RESTAURANT YUN LAI DIM SUM
No 7, Jalan SS15/4E, SS15,
Subang Jaya, Selangor.
Tel: 03-5613 5575
Business hours: 7am-9pm. Closed on Monday.
Third-generation business churns out tasty pau and dim sum at its 25 branches.
THOSE on a search for good homemade pau and dim sum might find Restaurant Yun Lai Dim Sum’s offering just what they were looking for.
A third-generation business that started with a small stall in Kulai, Johor, is today well-known for its variety of pau and dim sum.
Its owner Martin Tan said his family including his aunties and uncles operate 25 branches including their first eatery in the Klang Valley, which is located in Subang Jaya.
“We are keeping it within the family as we realised that several branches that were run by outsiders did not do too well,” he said.
Tan said the family had modified his grandfather’s recipe by omitting baking powder from the list of ingredients for the pau.
The first thing that will strike you when you see their version of pau is that the top of the pau is not too rounded and a little flat.
“Our signature Imperial Dou Sha Bao (red bean pau) costing RM1.80 each and Cha Siew Bao (sweet roasted pork pau) (top pic) costing RM2.10 each, are the most popular ones at our restaurant.
“At the Subang branch, we can sell about 1,000 pieces of the red bean pau in a day while in Johor, we can sell about 20,000,” said Tan.
Tan said the family decided not to use baking powder for health reasons.
“People usually feel full after eating one pau that is made with baking powder.
“So this way, they will be able to try other dishes without feeling overwhelmed.
“Some people also do not like the smell of baking powder,” he said.
As a replacement, they use a mix of low- and high-protein flour as well as multipurpose flour.
One bite into the red bean pau will tell you why this sells like hot cakes.
It is soft and smooth on the outside and the red bean paste is nice and thick.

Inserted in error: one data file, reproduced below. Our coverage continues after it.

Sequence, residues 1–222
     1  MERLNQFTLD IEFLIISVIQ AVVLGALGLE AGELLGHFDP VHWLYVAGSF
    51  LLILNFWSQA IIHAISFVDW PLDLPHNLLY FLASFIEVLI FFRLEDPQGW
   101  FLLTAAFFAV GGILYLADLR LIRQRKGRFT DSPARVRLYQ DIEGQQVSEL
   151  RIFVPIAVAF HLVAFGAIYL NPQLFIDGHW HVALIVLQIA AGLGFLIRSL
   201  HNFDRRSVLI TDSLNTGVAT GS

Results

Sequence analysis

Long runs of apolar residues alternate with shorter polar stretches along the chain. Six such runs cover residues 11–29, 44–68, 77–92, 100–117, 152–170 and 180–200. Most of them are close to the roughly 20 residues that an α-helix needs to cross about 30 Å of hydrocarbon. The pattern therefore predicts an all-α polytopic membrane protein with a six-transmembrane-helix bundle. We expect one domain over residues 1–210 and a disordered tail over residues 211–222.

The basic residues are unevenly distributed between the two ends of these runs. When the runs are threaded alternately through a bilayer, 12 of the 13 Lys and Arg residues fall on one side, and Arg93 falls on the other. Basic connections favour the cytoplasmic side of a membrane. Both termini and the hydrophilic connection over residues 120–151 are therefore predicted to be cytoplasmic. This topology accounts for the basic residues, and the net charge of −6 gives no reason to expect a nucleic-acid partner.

“At midnight every day, the red bean is cooked in huge batches for seven hours, in Johor, before sent over here.
“We have to make sure not to overcook the beans, otherwise there will be a burnt smell,” said Tan.
The tasty and rich in flavour Cha Siew Bao does not have pork belly among the ingredients, Tan boasted.
A pau specially made for Kuala Lumpur folk is the Royal Golden Bun, which has custard and salted egg in the filling which strikes a balance of sweet and salty.
Tan said regular customers would walk in and order the ‘Fantastic Four’ combo — the Imperial Dou Sha Bao, Cha Siew Bao, siew mai (RM5.50 for four pieces) and steamed rice rolls (RM6).
“Our customers love our steamed rice rolls because of the smooth texture and the sauce. Most other places use only soy sauce to go with the dish.
“We combine soy sauce, oyster sauce, sesame oil and a little salt and sugar,” he said.
The siew mai was flavoursome and the best part is that it did not fall apart when sticking a fork into it, a common problem I face when eating this dish.
“Most places only use pork and shrimp but fish was added to ours as its sticky texture is supposed to hold the pieces together to prevent it from separating when steaming,” he said.
A personal favourite was the Herbal Chicken (RM5.50) dish as it reminded me of my mother’s herbal chicken soup.
“We boiled the soup with red dates, wolfberries, dang shen (poor man’s ginseng) for six hours and added the chicken after that,” he said.
The soup was bursting with flavours and the chicken meat was tender.
There are also a variety of homemade noodles and other fried dishes such as the Golden Yam Ring.
Tan said alkaline water was not used to make the noodles, a common practice used to prevent noodles from going bad.
This is the writer’s personal observation and is not an endorsement by StarMetro